Postural Distortion Patterns
Predictable patterns of muscle imbalances

Relative Flexibility
the body’s tendency to seek the path of least resistance

Muscle Imbalance
Alteration of muscle length surrounding a joint

Cause: postural stress, repetitive movement, lack of core strentgh

Reciprocal Inhibition
simultaneous contraction of one muscle and the relaxation of its ANTAGONIST
EX: Bicep curls- biceps brachii contract while triceps brachii relaxes

Altered Reciprocal Inhibition
a tight AGONIST causes a decrease in the function of it ANTAGONIST
EX: tight hip flexor (psoas) would decrease neural drive of the hip extensor (gluteus maximus)

Synergistic Dominance
when the synergist take over for a weak prime mover. May cause faulty movement patterns
EX: tight hip flexor -> decrease glute -> increase force from synergist (hamstring complex, adductor magnus).

motion of the joints

Arthrokinetic Dysfunction
biomechanical and neuromuscular dysfuction leading to altered joint motion

Autogentic Inhibition
occurs when the neural impulses sensing tension are greater than the impulses causing muscle contraction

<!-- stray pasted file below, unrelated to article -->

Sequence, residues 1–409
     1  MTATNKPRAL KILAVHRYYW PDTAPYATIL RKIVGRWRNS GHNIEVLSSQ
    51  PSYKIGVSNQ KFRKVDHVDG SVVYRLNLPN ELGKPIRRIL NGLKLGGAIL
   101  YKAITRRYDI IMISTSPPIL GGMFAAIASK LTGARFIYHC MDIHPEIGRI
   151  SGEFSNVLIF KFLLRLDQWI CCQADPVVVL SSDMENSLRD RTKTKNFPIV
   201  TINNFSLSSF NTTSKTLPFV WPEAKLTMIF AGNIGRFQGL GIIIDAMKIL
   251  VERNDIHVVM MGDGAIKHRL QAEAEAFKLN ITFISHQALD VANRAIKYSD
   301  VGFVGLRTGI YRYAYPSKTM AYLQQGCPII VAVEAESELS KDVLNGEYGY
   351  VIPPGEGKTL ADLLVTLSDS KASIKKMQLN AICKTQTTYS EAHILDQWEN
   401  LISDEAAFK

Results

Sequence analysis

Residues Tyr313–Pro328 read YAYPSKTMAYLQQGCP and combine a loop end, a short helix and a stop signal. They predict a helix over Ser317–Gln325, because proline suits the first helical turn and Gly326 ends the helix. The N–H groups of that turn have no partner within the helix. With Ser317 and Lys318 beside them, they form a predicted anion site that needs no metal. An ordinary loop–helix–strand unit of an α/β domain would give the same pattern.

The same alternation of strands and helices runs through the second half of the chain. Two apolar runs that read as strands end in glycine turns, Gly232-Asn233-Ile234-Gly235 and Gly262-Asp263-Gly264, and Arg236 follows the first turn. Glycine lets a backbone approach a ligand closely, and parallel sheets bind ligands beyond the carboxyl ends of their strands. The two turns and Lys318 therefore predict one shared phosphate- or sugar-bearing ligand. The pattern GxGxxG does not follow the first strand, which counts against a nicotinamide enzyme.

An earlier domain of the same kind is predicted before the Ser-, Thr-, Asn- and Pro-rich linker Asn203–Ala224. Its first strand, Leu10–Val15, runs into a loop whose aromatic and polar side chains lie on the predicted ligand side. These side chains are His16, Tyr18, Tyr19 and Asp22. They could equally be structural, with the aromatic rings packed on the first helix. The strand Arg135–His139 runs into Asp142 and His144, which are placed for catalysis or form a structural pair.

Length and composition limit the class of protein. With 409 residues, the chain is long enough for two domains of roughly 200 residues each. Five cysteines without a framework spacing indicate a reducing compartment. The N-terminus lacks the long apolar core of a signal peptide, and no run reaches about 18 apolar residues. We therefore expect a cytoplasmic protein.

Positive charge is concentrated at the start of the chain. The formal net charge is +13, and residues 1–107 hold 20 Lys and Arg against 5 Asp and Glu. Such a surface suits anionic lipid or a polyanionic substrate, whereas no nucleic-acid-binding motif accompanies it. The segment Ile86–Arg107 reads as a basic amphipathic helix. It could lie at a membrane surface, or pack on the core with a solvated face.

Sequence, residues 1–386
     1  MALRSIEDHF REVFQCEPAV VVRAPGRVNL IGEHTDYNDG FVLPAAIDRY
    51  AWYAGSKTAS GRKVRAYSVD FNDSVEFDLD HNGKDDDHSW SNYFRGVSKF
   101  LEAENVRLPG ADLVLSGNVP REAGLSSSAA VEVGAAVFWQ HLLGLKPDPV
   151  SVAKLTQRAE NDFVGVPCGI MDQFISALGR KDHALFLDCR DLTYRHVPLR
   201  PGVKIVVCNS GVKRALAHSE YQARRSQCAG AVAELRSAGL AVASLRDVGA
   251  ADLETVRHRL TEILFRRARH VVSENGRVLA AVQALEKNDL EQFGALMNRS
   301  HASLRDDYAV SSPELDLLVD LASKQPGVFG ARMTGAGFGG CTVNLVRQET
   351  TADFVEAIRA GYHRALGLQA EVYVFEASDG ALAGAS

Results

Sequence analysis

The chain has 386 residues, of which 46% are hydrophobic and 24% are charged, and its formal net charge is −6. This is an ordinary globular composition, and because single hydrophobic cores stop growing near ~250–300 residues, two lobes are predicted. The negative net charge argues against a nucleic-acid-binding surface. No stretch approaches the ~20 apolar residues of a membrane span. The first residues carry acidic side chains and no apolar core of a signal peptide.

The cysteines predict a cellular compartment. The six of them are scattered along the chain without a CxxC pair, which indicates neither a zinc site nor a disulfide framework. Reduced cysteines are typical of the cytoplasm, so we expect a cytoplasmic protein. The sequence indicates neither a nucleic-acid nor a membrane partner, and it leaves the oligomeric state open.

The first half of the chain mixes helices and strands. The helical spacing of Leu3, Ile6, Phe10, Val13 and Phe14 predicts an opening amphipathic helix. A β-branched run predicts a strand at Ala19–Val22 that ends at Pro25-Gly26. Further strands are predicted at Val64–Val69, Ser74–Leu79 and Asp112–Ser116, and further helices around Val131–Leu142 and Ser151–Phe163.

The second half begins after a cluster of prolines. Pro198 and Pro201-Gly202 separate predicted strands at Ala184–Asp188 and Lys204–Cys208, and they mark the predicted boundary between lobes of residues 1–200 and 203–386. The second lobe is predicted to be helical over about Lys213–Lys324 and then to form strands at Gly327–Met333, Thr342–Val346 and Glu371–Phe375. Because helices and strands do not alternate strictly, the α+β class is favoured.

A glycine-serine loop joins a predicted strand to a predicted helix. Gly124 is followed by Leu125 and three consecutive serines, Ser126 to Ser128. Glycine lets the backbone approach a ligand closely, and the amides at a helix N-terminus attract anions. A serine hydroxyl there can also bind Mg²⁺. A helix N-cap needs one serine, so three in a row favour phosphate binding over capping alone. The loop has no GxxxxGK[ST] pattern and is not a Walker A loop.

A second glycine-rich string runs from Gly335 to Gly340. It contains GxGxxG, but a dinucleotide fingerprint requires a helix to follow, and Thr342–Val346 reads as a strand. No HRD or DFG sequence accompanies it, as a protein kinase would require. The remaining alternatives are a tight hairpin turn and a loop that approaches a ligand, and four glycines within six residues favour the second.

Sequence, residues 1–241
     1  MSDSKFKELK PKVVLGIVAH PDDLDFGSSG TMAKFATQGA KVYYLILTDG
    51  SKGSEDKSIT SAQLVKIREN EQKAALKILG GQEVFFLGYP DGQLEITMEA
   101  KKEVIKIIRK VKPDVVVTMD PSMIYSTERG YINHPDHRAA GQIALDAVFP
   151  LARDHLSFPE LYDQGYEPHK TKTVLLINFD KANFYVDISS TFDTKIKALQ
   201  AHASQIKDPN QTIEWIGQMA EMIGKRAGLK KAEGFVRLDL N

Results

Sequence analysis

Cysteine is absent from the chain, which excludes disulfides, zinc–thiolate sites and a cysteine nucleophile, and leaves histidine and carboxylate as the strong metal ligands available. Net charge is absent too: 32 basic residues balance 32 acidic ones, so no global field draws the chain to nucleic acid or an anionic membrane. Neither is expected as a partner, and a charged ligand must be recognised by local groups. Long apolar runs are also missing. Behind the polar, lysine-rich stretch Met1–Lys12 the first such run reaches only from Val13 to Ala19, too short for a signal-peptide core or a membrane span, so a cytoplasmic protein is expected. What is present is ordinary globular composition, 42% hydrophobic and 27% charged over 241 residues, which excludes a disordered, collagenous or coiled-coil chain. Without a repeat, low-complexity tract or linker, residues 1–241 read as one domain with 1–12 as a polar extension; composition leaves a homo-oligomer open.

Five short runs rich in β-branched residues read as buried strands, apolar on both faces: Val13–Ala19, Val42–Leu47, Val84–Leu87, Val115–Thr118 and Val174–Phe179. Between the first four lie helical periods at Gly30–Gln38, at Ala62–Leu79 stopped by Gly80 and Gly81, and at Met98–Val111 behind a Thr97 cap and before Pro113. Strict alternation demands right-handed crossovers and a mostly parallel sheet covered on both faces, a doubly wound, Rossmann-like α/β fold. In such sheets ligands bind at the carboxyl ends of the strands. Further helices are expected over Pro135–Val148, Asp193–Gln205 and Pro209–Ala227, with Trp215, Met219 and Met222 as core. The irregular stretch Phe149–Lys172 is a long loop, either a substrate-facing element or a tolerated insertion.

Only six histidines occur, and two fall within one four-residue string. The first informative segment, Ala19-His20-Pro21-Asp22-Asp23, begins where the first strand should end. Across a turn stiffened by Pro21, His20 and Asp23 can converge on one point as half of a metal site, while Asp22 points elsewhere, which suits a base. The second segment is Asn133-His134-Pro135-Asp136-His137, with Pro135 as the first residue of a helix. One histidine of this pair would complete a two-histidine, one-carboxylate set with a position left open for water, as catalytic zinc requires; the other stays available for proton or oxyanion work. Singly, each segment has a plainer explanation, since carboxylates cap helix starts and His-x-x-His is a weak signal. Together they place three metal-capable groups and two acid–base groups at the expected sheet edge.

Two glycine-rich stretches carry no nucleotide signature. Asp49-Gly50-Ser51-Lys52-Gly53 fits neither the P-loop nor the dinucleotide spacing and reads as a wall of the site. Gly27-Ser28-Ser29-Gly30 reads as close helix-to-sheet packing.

Pattern Overload
constantly repeating the same pattern of motion, which could place abnormal stress on the body

Davis’s Law
states that soft tissue models along the lines of stress

Static Stretching
traditional; the process of passively taking a muscle to the point of tension and holding the stretch for a minimum of 30 seconds.

Active- Isolated Stretch
suggested for pre-activity warm up; process of using agonist and synergist to dynamically move the joint into range of motion. 5- 10 reps/ 1-2 seconds

Dynamic Stretching
uses the force production and the momentum of the body to take a joint through the full ROM
ex: prisoner squates, multiplanar lunges

Myofascial Release (FOAM ROLL)
by applying gentle force to a knot the muscle fibers are altered from a bundled bunch to a straighter line.

Cardiorespiratory Fitness
The ability of the respiratory system to supply oxygen-rich blood to skeletal muscles during physical activity

Integrated cardiorespiratory training
planned training programs that improve physiological, physical, and performance adaptations

The level of demand that a given activity places on the body

Maximal Oxygen Consumption
the highest rate of oxygen transport and utilization achieved at maximal physical exertion

Frequency, Intensity, Time, Type, Enjoyment